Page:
WHY IS AUTOREGULATION A GAME-CHANGER?
With AT, all you need to do is get your workout started rather than try to predict how it’ll go beforehand.
This also means that no matter how you feel, the workout is always enjoyable.
What kind of difference would that make for your mindset knowing that every workout, no matter how you feel, is good and it’s moving you one step closer to your goals?
I let go of my expectations and just took my training one day at a time. I took it all in stride, the good and the bad alike. I stopped overthinking and worrying, and it’s helped me stick to my training whether it felt satisfying or not. Whether I felt like it was a good workout or not. Whether I was in the right mindset that day or not.
This is the key to lifelong training.
What would it feel like to never have to give up on another fitness program again?
The truth is that you showing up, aware of how your body’s feeling and adjusting based on that, will give you more gains long term than you’d expect.
Also, how amazing would it be to have the most effective training ever, just because you’re listening to your body’s needs?
No more feelings of disappointment or like you’re not moving forward. You always are.
Want a more optimal training?
Check out Calisthenics Academy or take a FREE Assesment to see how do you stack up on 8 main calisthenics fundamentals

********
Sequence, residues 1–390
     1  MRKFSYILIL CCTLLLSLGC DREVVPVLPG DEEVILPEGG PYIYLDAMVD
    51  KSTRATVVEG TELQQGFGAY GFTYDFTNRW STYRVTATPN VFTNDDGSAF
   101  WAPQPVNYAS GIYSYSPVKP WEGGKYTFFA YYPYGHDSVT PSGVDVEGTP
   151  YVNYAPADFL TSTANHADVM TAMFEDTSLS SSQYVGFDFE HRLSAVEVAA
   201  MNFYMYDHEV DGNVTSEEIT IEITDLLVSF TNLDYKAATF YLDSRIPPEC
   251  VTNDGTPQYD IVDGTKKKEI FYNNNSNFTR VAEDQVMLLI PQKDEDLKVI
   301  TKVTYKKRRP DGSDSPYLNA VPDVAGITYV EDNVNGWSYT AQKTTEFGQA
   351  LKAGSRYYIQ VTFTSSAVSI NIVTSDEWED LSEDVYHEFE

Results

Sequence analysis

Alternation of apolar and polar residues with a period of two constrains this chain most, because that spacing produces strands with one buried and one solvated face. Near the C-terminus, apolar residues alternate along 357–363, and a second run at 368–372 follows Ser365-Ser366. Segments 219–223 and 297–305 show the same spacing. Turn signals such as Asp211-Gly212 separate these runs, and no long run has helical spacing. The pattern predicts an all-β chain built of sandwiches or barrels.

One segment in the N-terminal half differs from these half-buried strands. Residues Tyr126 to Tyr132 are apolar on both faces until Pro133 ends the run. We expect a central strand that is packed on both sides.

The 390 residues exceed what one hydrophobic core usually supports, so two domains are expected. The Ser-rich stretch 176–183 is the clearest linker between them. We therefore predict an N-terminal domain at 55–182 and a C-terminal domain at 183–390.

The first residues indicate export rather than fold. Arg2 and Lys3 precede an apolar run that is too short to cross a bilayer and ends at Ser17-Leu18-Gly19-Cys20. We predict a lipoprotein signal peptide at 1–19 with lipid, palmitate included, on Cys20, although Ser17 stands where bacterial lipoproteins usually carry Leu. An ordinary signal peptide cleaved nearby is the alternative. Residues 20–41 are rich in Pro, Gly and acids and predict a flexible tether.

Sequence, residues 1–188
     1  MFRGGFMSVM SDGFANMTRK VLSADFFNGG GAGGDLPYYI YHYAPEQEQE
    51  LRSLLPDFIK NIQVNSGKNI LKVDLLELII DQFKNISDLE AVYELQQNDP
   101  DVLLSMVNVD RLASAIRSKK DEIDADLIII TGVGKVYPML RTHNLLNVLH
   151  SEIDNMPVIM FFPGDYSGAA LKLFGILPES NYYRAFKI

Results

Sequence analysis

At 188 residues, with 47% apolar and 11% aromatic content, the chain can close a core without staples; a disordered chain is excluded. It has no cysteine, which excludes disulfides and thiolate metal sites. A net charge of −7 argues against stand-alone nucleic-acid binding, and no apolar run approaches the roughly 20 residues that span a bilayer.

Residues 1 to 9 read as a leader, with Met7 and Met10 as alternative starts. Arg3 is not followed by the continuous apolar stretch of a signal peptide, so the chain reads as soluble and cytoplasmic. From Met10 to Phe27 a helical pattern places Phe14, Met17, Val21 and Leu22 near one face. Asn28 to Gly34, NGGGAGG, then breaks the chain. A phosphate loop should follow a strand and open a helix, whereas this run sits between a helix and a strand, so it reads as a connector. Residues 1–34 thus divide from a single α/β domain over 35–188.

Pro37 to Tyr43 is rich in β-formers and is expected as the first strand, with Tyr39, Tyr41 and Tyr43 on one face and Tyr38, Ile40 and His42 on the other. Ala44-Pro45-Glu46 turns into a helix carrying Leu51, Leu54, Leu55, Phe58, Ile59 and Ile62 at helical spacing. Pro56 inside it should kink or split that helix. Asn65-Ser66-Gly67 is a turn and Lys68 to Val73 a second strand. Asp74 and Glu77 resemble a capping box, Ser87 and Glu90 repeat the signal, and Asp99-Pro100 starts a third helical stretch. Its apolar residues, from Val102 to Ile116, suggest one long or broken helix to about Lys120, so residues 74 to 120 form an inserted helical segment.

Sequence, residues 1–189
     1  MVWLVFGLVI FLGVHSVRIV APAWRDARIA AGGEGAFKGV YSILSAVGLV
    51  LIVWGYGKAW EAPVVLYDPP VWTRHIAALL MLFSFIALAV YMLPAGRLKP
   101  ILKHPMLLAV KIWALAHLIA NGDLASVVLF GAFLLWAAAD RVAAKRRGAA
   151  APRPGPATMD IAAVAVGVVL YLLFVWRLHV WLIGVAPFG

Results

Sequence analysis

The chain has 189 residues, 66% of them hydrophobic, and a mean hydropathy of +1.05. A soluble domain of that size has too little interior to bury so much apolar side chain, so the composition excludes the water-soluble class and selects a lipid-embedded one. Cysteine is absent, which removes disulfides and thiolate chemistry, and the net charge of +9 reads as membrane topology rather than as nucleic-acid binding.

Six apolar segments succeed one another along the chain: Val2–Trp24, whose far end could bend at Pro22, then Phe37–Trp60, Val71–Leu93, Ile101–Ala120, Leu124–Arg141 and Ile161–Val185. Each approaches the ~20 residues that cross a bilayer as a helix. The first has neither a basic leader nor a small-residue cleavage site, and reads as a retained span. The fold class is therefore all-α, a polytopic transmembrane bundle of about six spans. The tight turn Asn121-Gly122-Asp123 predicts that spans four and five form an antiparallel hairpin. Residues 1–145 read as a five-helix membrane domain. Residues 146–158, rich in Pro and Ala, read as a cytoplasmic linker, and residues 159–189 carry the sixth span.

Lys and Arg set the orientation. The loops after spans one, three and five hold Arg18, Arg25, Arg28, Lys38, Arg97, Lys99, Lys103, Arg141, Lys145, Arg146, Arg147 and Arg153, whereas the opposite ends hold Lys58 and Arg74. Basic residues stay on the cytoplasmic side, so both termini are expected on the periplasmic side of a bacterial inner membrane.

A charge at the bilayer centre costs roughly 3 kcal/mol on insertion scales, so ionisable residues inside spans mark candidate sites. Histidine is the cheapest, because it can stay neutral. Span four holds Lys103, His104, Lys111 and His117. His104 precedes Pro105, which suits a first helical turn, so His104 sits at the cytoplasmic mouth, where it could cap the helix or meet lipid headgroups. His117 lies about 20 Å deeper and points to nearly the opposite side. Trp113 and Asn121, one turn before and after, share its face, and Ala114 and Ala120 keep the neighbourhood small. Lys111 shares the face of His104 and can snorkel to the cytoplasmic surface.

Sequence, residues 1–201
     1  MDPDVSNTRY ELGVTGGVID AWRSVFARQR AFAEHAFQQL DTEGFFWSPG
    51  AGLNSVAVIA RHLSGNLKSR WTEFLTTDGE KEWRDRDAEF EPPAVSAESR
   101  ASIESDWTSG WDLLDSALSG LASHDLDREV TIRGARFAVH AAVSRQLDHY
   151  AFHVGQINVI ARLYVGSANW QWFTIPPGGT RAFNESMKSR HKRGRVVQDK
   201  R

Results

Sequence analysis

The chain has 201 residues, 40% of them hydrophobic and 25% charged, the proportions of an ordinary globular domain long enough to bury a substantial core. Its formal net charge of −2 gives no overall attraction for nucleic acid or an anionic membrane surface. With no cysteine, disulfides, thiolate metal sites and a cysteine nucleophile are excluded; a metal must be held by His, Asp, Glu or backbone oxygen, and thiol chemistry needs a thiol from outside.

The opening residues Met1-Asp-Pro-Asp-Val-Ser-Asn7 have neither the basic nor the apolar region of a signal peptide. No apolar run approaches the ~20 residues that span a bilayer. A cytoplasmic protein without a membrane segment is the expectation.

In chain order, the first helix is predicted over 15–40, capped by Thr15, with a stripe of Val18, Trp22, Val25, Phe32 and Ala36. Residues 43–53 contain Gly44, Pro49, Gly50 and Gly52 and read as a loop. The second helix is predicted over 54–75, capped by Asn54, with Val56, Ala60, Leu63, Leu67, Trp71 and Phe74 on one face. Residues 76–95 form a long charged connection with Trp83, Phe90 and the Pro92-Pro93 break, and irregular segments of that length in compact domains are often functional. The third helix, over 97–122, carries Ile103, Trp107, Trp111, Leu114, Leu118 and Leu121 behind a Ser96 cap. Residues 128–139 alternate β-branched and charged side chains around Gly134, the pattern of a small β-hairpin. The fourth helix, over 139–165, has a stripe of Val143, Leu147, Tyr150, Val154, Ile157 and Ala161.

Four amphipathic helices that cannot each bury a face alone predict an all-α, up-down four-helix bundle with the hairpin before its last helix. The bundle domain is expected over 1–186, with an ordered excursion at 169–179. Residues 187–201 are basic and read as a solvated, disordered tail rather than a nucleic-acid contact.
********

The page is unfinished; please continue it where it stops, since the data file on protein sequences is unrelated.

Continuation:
A few years back I moved to Scotland – I was well into calisthenics and I started training at the local Circus School The next months that followed were some of the most fun, yet frustrating months in my training career.
I absolutely fell in love with acrobatics, handstands, moving and seeing how my body was changing. I didn’t know much about programming for body weight, circus movement, or acrobatics. So I attended all the group classes and was just learning as much as I could and enjoying myself – the training added up to 15-20 hours a week – which I absolutely loved.
I even got ripped, not even knowing about it.
There was just one problem…
6 months in – and I felt like I had hardly made any progress.
Don’t get me wrong, the six pack was there, my handstand was getting better, my tucks were getting tighter, and I definitely was more flexible and mobile – BUT when friends and family asked how I was doing….
I had nothing really to show for all the training I had completed….
What was going on?
Knowing that patience is bliss, especially in calisthenics, I kept on going.
But then I got really frustrated and spent months researching, reading books and learning how to train and how to program this type of training in order for it to be effective.